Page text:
The Zell Center for Risk Research funds a number of special projects. Several are highlighted in this section:
The Zell Center provided research support for Risk Topography: Systemic Risk and Macro Modeling. A brief description is below: more information can be found here.
The Great Recession was an urgent call for rethinking the measurement of economic activity and for developing macroeconomic models in which finance plays an important role. Macroeconomic models with financial frictions are key to assess the impact of a meltdown of the financial sector (“systemic risk”) and to conceptualize measurement. Measurements in turn help to discriminate across different macroeconomic models in addition to revealing the fragility of the financial sector, and potential adverse spillover effects to the real economy. The book contains a selection of papers that discuss ideas on advancing measurement and macroeconomic modeling. Two themes run through the book: First existing flow and stock measures need to be complemented by measures of risk, the risk topography. Second, in order to capture endogenous systemic risk it is important to acknowledge the interplay between general equilibrium (macro) models and data collection. The book will be of value to those in regulatory positions who since the crisis have been involved in efforts to improve current measurement systems. The book will also be of interest to academics that plan to conceptualize effective measurement and plan to make future use of the collected data to discriminate across various macroeconomic models with financial frictions.
The Zell Center is providing research support for the third edition of Derivative Markets: To be financially literate in today’s market, business students must have a solid understanding of derivatives concepts and instruments and the uses of those instruments in corporations. The Second Edition has an accessible mathematical presentation, and more importantly, helps students gain intuition by linking theories and concepts together with an engaging narrative that emphasizes the core economic principles underlying the pricing and uses of derivatives.
Professor Jonathan Parker
Consumer Spending and the Economic Stimulus Payments of 2008* with Nicholas S. Souleles, University of Pennsylvania and NBER; David S. Johnson, U.S. Census Bureau; Robert McClelland, Bureau of Labor Statistics.
Abstract: Using special questions added to the Consumer Expenditure Survey, we measure the response of household spending to the economic stimulus payments (ESPs) disbursed in mid- 2008. We find that, on average, households spent about 12-31% of their stimulus payments on non-durable goods during the three-month period in which the payments were received. Further, there was also a substantial and significant increase in spending on durable goods, in particular autos. Improving on previous research, these spending responses are estimated with precision using only variation in the timing of ESP receipt. We also find some evidence of an ongoing though smaller response in the subsequent three-month period, though this response cannot be estimated with precision. Further, we find little evidence that the propensity to spend varies with the means of delivery (paper check versus electronic transfer). The estimated responses are substantial and significant for older, lower-income, and home-owning households. Finally, we evaluate a complementary methodology for quantifying the impact of tax cuts, which asks consumers to self-report whether they spent their tax cuts. The response of actual spending to the ESPs is indeed largest for self-reported spenders, though self-reported savers also spent a significant fraction of the payments.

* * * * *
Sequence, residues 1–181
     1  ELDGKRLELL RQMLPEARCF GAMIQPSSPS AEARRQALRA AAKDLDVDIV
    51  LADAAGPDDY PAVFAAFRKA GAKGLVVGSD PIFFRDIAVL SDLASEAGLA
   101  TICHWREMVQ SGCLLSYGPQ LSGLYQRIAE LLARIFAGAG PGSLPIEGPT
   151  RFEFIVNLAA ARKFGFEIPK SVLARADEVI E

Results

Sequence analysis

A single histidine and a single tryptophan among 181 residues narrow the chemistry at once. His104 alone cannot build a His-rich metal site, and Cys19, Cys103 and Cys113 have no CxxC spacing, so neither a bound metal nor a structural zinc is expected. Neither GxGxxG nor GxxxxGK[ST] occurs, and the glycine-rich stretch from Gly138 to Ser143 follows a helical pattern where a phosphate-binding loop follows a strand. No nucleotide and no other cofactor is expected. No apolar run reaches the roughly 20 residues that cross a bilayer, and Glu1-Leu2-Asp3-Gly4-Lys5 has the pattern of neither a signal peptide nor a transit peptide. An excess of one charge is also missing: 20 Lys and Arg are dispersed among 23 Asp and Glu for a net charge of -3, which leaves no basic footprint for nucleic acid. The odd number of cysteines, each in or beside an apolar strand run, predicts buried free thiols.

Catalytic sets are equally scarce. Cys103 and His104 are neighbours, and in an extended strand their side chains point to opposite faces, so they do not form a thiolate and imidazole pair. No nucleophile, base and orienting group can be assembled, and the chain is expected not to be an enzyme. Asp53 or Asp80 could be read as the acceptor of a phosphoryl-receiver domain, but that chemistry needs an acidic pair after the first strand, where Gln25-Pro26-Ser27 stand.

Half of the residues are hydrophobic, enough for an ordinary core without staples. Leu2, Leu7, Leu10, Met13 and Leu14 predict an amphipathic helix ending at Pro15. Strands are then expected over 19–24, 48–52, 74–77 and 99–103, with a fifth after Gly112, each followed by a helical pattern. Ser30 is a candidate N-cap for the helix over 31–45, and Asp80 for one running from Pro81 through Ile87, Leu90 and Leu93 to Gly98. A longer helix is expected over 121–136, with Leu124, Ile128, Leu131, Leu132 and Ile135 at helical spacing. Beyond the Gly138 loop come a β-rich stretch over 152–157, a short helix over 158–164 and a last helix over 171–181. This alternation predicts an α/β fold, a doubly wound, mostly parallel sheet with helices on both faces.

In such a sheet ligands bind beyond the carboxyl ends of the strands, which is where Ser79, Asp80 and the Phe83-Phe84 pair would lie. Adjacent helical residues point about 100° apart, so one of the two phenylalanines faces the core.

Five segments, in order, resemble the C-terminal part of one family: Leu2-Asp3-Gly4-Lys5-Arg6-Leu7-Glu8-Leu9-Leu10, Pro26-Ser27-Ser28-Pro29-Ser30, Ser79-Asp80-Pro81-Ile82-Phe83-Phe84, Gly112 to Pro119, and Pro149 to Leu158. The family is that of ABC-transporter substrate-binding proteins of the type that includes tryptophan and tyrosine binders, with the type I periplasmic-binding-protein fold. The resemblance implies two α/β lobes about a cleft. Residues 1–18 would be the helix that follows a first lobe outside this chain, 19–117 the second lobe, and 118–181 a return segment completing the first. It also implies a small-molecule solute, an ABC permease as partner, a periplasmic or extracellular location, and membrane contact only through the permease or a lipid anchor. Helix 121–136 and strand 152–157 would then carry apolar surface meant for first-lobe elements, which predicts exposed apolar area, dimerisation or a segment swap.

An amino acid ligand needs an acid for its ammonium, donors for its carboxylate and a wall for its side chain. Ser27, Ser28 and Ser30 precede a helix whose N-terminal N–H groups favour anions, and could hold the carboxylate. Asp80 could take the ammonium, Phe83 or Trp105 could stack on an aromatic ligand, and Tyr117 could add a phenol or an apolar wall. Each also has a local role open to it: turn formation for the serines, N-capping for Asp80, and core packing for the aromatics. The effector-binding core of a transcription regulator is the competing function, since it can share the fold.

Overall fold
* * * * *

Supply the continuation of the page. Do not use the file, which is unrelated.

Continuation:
Presented staff briefing for the staff of the Board of Governors of the Federal Reserve System in Washington, DC on May 2010.
Professor Daniel Diermeier
The Kellogg Reputation Central web site
The site will provide continuous quantifications for the reputation of Fortune 500 companies. The reputation measurements will derive from sophisticated analyses of news coverage using advanced text analytics. The web site will also serve as a research hub for scholars interested in integrating cutting-edge computational linguistics methods to business school research. As such, a section will be devoted to the posting of working papers and other research documents.
Business people have long recognized the importance of reputation. However, despite a substantial body of research, a solid methodology for quantify reputation is lacking. Advances in text analytics and in computational linguistics more generally are now allowing such quantification.
- Download Project Description (PDF 19 KB / 2 pages)
- Report from the governing council meeting at the Institute of Medicine
- Download and view the video "A Vision for Patient Safety," with Lucian Leape, MD. This ten-minute video requires RealPlayer.